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1

As Janus Bahs Jacquet mentions in a comment, specifically looking at names makes this much more difficult. Names come from a wide variety of languages, and are Anglicized to a wide variety of different extents. This also makes it extremely difficult to figure out their pronunciation in the first place: when you see a surname like "Beauchamp" or &...


2

In order to have any hope of succeeding, you need to first limit the scope of the data. For example the name pronounced [ʃidʒɪnpʰɪŋ] is usually spelled Xi Jinping, and [ɛnvɹ̩ hodʒə] is spelled Enver Hoxha. You might decide that you want to rule out names that are not "English", but then you need a way of deciding if a name is "English". ...


1

An old question, but one which I feel is worth answering for the benefit of other people interested in Semitic etymologies. The answer below me is excellent in stating that the root-and-pattern system enables speakers to more easily recognize allophones, but probably the most important contribution of root-and-pattern morphology to consonant evolution is ...


2

Adding a few bits to other answers and organising. For writing to evolve: A need has to arise Need the means to write things down in a non-perishable way. (At least on the time-scale on which the information has value.) Need a stable group where all can read/write/understand the system and hand the knowledge over to new people. Most of these were realised ...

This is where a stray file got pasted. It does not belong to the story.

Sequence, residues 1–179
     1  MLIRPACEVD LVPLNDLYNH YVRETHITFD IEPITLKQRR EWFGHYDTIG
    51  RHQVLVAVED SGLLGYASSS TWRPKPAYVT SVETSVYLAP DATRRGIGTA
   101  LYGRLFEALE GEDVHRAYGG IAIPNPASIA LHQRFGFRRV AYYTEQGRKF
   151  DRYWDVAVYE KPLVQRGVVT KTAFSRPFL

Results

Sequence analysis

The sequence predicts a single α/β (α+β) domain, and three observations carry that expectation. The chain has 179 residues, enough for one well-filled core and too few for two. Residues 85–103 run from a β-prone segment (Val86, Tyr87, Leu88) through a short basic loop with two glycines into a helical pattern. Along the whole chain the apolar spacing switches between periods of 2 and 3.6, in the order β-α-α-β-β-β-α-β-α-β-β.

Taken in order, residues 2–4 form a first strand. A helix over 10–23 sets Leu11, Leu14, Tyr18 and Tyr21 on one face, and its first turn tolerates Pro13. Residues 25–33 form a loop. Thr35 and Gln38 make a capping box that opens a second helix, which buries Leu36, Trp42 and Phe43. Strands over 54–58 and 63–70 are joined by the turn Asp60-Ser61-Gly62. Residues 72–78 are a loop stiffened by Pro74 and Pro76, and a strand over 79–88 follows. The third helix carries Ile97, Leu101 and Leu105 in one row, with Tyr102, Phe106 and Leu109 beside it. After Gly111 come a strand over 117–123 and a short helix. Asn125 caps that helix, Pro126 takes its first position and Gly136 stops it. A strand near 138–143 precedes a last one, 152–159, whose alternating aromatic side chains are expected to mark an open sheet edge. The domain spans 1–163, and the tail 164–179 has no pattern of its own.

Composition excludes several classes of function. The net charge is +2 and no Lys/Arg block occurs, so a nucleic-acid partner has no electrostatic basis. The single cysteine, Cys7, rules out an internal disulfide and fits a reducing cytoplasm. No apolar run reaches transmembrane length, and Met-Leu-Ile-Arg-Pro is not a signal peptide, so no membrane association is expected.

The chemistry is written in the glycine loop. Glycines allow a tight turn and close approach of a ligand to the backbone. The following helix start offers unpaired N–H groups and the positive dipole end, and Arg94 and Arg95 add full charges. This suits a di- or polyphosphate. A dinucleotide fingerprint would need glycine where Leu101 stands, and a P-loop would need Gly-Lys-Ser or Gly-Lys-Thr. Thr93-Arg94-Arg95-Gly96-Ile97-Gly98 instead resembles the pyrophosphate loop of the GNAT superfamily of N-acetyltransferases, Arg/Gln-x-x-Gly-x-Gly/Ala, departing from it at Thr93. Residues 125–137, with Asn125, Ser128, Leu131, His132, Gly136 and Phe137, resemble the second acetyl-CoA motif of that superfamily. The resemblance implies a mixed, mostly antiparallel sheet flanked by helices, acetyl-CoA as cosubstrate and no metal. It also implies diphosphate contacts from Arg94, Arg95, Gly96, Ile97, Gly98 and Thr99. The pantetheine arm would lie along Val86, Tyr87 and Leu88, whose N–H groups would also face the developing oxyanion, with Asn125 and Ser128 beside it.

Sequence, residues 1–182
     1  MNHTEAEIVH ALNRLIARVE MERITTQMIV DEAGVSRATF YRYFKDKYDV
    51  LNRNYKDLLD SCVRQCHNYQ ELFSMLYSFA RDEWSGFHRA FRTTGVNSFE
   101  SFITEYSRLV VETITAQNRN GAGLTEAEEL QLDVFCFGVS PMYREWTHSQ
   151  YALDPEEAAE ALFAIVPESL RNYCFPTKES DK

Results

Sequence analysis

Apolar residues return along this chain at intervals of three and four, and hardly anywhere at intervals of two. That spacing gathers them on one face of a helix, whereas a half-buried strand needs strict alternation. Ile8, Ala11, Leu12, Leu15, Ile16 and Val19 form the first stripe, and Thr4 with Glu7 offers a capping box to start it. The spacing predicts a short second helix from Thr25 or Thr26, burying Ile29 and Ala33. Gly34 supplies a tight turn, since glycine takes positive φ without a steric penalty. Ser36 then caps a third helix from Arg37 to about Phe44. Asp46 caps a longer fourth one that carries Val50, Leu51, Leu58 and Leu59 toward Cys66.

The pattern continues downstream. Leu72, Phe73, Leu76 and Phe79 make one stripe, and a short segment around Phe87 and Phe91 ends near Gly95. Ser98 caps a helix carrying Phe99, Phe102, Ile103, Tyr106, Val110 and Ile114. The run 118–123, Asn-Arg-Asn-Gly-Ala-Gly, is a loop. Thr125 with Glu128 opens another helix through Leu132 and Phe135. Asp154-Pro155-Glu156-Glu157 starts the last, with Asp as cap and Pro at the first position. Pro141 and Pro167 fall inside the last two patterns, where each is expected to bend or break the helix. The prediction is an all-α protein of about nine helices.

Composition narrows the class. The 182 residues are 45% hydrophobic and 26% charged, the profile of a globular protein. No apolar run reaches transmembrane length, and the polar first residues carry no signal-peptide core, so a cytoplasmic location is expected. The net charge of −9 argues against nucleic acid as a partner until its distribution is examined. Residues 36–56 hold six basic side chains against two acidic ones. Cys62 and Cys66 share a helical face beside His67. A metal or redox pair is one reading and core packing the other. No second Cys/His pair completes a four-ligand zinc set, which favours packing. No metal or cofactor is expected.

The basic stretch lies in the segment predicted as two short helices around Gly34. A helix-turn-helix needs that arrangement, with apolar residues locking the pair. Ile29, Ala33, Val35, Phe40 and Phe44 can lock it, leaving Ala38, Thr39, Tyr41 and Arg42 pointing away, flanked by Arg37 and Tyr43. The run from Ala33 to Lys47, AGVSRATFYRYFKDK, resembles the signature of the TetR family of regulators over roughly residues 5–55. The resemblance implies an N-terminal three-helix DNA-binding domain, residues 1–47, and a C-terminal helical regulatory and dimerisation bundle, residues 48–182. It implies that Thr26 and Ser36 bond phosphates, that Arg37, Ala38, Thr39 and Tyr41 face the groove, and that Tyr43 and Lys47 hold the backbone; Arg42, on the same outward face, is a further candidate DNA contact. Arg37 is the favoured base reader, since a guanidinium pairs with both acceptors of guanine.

10

In addition to what Vladimir said: Complex societies could only emerge when agricultural techniques were advanced enough to produce a surplus which could sustain a larger number of craftsmen, tradesmen and, tongue-in-cheek, unproductive managers like nobility and priests. This surplus enabled the emergence of cities and palaces: Places that housed large ...


13

I will answer from a different point of view. I will not care if it happened here at 3500 BC while at the other place at 1500 BC and consider it, as in your question, both as almost at the same time relative to the long history of Homo sapiens sapiens or even the long history of agriculture and larger settlements (Jericho 10000 BC). People did not need make ...


29

From the source: Full writing-systems appear to have been invented independently at least four times in human history: first in Mesopotamia (present-day Iraq) where cuneiform was used between 3400 and 3300 BC, and shortly afterwards in Egypt at around 3200 BC. By 1300 BC we have evidence of a fully operational writing system in late Shang-dynasty China. ...


2

It is somewhat puzzling, since this reflects the viewpoint of generative grammar that "language" is a specific innate cognitive faculty (made up of phonetics, phonology, morphology, syntax and semantics). I never met the gentleman and I have no idea what he thought of the theory: perhaps someone who knew him can address the question of his beliefs ...


2

Writing is not language. The author means that these concepts are not completely identical. It's like: Musical notes are not music. Musical notes are used to record musical sounds on paper. But music (sounds) is primary. It's the same with language. First came spoken language, and then writing. Some languages did not have writing for a long time, and some ...


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